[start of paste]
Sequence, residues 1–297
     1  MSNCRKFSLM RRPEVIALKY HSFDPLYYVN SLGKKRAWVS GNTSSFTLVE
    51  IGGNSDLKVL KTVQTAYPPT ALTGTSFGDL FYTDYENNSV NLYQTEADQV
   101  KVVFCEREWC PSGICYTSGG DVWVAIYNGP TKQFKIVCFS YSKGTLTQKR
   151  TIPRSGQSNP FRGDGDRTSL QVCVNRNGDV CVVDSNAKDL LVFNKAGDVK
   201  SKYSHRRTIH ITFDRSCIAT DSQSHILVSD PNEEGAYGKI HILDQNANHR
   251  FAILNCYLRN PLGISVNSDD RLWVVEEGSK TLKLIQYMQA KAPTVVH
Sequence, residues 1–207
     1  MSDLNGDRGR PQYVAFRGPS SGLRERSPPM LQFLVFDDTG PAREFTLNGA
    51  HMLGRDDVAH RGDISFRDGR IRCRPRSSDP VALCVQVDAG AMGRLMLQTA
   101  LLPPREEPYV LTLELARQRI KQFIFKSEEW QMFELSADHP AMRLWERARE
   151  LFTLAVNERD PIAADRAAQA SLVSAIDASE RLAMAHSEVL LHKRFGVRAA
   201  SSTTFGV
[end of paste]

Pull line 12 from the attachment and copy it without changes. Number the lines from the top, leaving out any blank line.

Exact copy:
   151  LFTLAVNERD PIAADRAAQA SLVSAIDASE RLAMAHSEVL LHKRFGVRAA